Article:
Fixed Income Trivia Time:
The Fed had not raised rates +75bps since 1994. What was the top grossing movie in 1994?
Hint: There is also a very popular Broadway play based on the film still running
What a week in financial markets with only more potential volatility on the horizon as investors sift through Fed Chairman Powell’s outlook and upcoming data to try to determine “peak inflation” in an environment where supply-chain disruptions continue to blossom out of everywhere and anywhere. Labor resources and capacity remain so tight that any delay has knock-on effects that would be unheard of pre-pandemic, but now are a part of everyday norms. Don’t even get my wife started when it comes to women’s feminine product shortages. If you add on commodity costs, war, poor liquidity, and rapidly declining market sentiment, it paints a grim picture for markets on a short-to-medium term basis. Summer may be canceled before it even began.
Price check on aisle four? Rates jump higher on Fed hike and outlook
Yields continued their shift higher on the week following the Friday, June 10th CPI print as markets ultimately priced in +75bps for the FOMC hike on Wednesday. The lead up to the extraordinary action caused markets to continue to heavily reprice the front-end (2yr) out to the 5yr part of the curve, as they jumped to 3.44% (+47bps) and 3.61% (+42bps) respectively. Ultimately, WoW rates settled down after hitting fresh highs, but the curve continued to flatten, reinforcing the recession talk that is now perceived as imminent given the expected hike trajectory. Both 2s-10s and 5s-30s spread flattened by -11bps to end the week +5bps and -9bps respectively, signaling the shift in sentiment around a recession probability.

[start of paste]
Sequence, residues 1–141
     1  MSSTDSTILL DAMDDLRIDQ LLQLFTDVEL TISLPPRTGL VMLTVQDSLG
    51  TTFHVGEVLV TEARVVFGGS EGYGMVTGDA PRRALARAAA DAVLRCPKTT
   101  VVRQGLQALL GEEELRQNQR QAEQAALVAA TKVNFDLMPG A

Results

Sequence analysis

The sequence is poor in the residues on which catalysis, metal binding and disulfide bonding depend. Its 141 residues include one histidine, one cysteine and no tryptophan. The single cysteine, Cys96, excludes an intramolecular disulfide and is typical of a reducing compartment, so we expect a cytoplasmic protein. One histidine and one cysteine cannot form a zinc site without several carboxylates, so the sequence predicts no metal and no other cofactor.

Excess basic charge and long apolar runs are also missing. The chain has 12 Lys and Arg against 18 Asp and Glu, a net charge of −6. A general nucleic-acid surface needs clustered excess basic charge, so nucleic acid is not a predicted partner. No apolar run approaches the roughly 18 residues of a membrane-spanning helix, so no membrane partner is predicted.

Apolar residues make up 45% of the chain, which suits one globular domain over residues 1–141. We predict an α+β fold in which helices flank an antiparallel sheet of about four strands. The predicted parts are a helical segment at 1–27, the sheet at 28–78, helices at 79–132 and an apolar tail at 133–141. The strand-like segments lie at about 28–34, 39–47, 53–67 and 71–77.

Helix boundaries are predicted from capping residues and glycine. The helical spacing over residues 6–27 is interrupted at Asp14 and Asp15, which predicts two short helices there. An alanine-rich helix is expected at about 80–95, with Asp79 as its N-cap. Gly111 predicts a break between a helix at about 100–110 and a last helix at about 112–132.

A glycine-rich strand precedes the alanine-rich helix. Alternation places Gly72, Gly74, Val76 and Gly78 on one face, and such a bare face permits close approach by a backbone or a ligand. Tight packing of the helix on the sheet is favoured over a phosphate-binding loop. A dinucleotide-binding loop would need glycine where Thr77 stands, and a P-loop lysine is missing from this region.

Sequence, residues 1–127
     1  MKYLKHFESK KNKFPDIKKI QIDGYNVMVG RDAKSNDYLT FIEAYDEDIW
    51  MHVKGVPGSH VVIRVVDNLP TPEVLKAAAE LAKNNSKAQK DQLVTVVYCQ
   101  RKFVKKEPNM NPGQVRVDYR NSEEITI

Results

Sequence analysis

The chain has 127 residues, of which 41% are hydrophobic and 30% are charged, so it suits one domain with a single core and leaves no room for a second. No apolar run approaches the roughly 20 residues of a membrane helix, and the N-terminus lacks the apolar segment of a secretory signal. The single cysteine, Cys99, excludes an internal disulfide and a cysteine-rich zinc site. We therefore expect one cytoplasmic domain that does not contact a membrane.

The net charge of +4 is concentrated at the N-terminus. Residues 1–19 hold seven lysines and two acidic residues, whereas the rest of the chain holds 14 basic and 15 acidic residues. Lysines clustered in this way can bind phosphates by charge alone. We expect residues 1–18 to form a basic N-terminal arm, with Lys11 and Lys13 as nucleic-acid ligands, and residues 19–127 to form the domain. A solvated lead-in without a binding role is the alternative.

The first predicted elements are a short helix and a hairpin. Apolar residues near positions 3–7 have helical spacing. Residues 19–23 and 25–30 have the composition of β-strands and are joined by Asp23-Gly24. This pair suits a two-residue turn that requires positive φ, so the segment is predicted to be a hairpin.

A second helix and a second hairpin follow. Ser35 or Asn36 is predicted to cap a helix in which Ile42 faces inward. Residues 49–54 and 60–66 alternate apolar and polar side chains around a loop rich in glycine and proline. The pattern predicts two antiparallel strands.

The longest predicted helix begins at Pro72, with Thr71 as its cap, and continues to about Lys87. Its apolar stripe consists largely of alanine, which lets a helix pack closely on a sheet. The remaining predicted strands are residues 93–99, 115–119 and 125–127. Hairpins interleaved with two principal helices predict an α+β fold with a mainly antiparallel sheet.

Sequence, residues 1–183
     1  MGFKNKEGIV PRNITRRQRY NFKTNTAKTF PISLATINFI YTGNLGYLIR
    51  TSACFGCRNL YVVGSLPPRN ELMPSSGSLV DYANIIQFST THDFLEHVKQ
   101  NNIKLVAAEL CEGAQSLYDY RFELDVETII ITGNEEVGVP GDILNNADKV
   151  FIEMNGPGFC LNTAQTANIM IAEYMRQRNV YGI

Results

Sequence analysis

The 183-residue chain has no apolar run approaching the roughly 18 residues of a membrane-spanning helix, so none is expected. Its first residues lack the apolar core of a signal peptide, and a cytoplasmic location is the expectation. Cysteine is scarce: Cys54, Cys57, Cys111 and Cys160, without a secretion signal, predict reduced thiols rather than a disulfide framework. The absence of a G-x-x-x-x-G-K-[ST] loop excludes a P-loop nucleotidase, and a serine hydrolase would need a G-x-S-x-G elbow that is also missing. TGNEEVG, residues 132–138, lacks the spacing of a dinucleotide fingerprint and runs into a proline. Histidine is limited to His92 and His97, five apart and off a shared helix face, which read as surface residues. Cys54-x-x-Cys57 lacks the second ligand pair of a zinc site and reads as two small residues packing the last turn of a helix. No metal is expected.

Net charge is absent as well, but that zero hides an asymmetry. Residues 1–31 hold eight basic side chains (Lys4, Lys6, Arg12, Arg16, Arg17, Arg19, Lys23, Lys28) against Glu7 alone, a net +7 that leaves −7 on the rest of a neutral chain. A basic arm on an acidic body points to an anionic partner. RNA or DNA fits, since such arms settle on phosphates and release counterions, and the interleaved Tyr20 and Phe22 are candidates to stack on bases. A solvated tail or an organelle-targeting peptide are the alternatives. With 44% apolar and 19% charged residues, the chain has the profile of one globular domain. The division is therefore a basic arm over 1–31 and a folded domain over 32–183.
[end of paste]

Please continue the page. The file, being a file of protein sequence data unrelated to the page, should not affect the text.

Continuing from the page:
IG spreads capitulate on more aggressive Fed and consumer demand risk
Spreads widened +21bps WoW through Thursday as sentiment collapsed around the likelihood the Fed can induce a soft landing for the economy and avoid a recession. Spread moves in utilities (+31bps), energy (+67bps), and consumer discretionary (+22bps) underperformed the rest of the IG credit space. MTD spreads are now wider (+23bps), moving to +170bps from +143bps over the period. There are no signs things will improve anytime soon as fund managers continue to build cash balances and remain content to let spreads widen further before stepping back in. U.S. investment-grade bond funds have now seen 12 straight weeks of cash withdrawals, making for the longest outflow streak on record, Refinitiv Lipper data shows.
Double whammy in U.S. high yield as rates and spreads lurch higher
HY spreads moved about +50bps higher (+15%) WoW. The widening combined with higher rates have sent total returns for the month to -5.52% , the worst move since November 2020.
No changes in ratings this week
S&P did not have any significant changes in ratings.
Demand in high quality bonds helps offset some of the recent rate hikes
Municipal debt continues to be the least bad option in a part of the market getting hit with outflows and rate hikes simultaneously. The lack of liquidity and relatively attractive yields at this point will keep muni investors engaged and dollar cost averaging into sector as investors have learned too many times that when it is time to get back in, it takes too long to build an allocation. Munis have posted -2.27% total return this month despite the significant rise in rates and have again performed much better than other fixed income sectors, especially corp IG which is down -3.43% and may see more turmoil on the horizon as the consumer fades.
*Disclosure on all charts: Figures shown above are the weighted aggregate of bonds that currently have an IDC price and based on transactions over the past 2 weeks. This may create anomalies in the data but aligns with our effort to reflect actual market conditions. Data pulled as of end of day Thursday, June 16, 2022.
Fixed Income Trivia Time:
1. The Lion King $312,855,561 (Jun 15)
2. Forrest Gump $329,694,499 (Jul 6)
3. True Lies $146,282,411 (Jul 15)
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